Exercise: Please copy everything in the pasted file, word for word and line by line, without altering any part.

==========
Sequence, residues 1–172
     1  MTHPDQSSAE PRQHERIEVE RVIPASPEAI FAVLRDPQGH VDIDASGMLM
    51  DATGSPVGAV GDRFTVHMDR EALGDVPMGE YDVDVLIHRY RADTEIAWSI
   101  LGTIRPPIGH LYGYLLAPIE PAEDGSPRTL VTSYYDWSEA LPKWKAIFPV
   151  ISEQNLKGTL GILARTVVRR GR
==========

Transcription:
Sequence, residues 1–172
     1  MTHPDQSSAE PRQHERIEVE RVIPASPEAI FAVLRDPQGH VDIDASGMLM
    51  DATGSPVGAV GDRFTVHMDR EALGDVPMGE YDVDVLIHRY RADTEIAWSI
   101  LGTIRPPIGH LYGYLLAPIE PAEDGSPRTL VTSYYDWSEA LPKWKAIFPV
   151  ISEQNLKGTL GILARTVVRR GR